Wasatch Cache National Forest

In partnership with: The Friends of the Utah Avalanche Forecast Center, Utah Department of Public Safety Division of Comprehensive Emergency Management, Salt Lake County, and Utah State Parks


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Avalanche advisory

SUnDAY, April 14, 2002   02:00 pM



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Good afternoon, this is Ethan Greene with the Forest Service Utah Avalanche Center with your backcountry avalanche and mountain weather advisory.  Today is Sunday, April 14, 2002, and it’s 2:00 p.m.


Current Conditions:

Last night was a warm one with low temperatures in the low 30’s at 8,000’ and in the mid 30’s at 11,000’.  Southwest winds have been blowing in the 25 mph range along the ridgelines, but below about 8,000’ the winds are fairly calm.  With partly to mostly cloudy skies and warm temperatures there was only a shallow refreeze last night, and today the snow heated up quickly today. 


Tonight should be similar to last night.  Low temperatures are forecast to be in the upper 30’s in many mountain locations.  Southwest winds should increase into the 30 mph range near midnight.  By Monday morning we will have had two nights without a freeze.


Avalanche Conditions:

There have been several significant avalanches reported in the last two days.  Yesterday there were three wet slides reported from the north side of Timpanogas.  These avalanches occurred around mid day, starting as point releases and fanning out to 100 to 200 feet wide by the time they reached the valley bottom.  One ran over 1000’ vertically pulling snow out to the ground and ripping out trees on the way down.  There were also two wet slab avalanches reported from the east facing rock slabs in Cardiff Fork.  These slides occurred before 2pm yesterday afternoon.  On Friday afternoon a large wet slab released in the Black Peal area of Little Cottonwood Canyon.  The avalanche most likely started on some rock slabs just down valley from Perla’s Ridge.


Monday will be a transitional day.  There is a very strong cold front forecast to arrive mid day.  After another night with no refreeze we could pick up a significant amount of snow Monday afternoon and evening.  The surge of cold air will reduce the wet slide potential and we will move back into the dry snow avalanche regime, but remember that putting cold snow onto a warm snow surface is a great way to produce a sensitive weak layer.  By Monday afternoon the snow could be falling at a fast and furious rate, the winds will be strong, and the avalanche danger will rise quickly.  Snow accumulations could be over 20” by Tuesday morning.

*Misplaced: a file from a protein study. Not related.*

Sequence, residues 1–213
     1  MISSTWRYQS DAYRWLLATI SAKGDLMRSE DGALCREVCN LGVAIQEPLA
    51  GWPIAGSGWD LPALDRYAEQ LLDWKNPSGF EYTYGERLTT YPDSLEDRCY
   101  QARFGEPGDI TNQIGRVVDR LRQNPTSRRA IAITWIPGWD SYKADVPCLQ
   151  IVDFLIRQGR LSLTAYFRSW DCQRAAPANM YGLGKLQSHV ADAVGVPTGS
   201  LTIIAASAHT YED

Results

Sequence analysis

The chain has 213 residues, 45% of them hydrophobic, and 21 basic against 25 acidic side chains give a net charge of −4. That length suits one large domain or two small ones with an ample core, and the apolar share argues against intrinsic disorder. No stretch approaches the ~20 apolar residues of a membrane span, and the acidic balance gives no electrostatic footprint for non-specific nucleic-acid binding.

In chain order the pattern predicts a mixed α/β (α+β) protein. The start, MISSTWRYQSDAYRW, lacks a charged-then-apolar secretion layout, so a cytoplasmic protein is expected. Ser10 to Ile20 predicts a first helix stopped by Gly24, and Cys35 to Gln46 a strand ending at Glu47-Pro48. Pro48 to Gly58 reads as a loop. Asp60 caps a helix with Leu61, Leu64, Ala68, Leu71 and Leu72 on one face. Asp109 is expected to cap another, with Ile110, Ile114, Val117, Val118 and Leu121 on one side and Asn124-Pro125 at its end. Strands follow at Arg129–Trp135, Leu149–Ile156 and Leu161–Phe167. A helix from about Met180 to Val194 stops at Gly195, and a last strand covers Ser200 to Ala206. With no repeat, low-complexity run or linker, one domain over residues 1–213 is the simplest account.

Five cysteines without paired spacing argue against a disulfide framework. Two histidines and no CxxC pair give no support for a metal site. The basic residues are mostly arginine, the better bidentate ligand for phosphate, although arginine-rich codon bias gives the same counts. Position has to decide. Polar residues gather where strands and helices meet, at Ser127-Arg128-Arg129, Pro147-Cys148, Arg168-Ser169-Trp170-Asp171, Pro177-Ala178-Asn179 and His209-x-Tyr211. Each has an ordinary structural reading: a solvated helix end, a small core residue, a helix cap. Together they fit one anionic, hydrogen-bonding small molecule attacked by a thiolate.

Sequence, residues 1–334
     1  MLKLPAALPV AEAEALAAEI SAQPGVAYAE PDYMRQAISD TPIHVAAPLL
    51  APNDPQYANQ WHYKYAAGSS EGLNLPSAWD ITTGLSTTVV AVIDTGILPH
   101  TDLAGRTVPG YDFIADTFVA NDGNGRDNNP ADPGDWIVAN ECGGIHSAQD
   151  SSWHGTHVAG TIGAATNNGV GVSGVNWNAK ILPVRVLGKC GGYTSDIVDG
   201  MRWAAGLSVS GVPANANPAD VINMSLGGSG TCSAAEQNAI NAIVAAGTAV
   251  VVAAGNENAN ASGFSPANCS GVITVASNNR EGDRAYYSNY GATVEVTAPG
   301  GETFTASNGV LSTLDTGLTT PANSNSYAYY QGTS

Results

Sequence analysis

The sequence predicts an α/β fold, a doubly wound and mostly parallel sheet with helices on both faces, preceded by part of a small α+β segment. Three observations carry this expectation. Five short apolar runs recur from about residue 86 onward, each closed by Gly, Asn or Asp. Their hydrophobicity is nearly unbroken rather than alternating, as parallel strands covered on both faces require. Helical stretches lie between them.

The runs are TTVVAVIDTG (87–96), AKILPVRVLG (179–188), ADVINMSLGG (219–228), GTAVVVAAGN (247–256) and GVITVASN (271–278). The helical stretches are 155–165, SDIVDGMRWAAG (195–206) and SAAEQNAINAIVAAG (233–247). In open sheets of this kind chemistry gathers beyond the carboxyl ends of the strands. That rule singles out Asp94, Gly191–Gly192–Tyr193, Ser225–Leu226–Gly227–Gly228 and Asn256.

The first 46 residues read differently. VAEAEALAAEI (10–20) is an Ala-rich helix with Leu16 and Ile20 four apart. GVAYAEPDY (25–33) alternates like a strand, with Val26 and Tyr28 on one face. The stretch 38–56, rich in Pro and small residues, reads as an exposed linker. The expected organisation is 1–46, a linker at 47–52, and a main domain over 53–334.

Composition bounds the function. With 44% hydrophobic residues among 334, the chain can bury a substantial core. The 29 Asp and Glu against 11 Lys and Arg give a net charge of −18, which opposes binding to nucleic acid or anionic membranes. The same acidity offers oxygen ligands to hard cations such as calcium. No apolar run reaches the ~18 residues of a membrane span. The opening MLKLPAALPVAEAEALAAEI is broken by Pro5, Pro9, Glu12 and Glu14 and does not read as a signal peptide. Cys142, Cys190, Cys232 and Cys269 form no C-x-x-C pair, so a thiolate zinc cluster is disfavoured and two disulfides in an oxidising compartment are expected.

One thing to keep in mind tomorrow, and throughout the spring, is that the weak faceted snow that brought us many large and dangerous avalanches this season is still buried in the snowpack.  This layer could be reactivated by increased melt water from a sustained warm period, or by an increase in load from a large spring snow storm. 


Bottom Line: 

The avalanche center is closed for the season, but the potential for avalanches will remain until the snow melts.  During warm periods remember to start early, end early, and pay attention to the freezing levels.  We still have some nasty weak layers buried in the snowpack so even though it feels like spring, don’t forget to look at the world through your avalanche eyes.


(Ogden Area and Western Uinta Mountains)

Same as Salt Lake Mountains.  


(Provo Area Mountains)

Same as Salt Lake Mountains.


Mountain Weather:

Please check http://www.avalanche.org/~uac/snow_mtn.html for our last mountain weather forecast, and the National Weather Service for weather forecasts beyond April 14, 2002.


General Information:

To report backcountry snow and avalanche conditions, especially if you observe or trigger an avalanche, you can leave a message at (801) 524-5304 or 1-800-662-4140.  We have a new avalanche and backcountry observation page that we’d like to encourage folks to try out.  It can be found on our home website at avalanche.org.  You can also fax an observation to 801-524-6301.


The information in this advisory is from the U.S. Forest Service, which is solely responsible for its content.  This advisory describes general avalanche conditions and local variations always occur. 


This is our last advisory for the season.  The staff of the Forest Service Utah Avalanche Center would like to thank everyone used and supported this program, and we would like to extend a special thank you to all of the backcountry travelers and other avalanche workers that called in observations.  It has been a pleasure providing this service to you.  Have and great and safe spring and summer…we will see you in the fall!


Thanks for calling!



For more detailed weather information go to our Mountain Weather Advisory

National Weather Service - Salt Lake City - Snow.

For an explanation of avalanche danger ratings: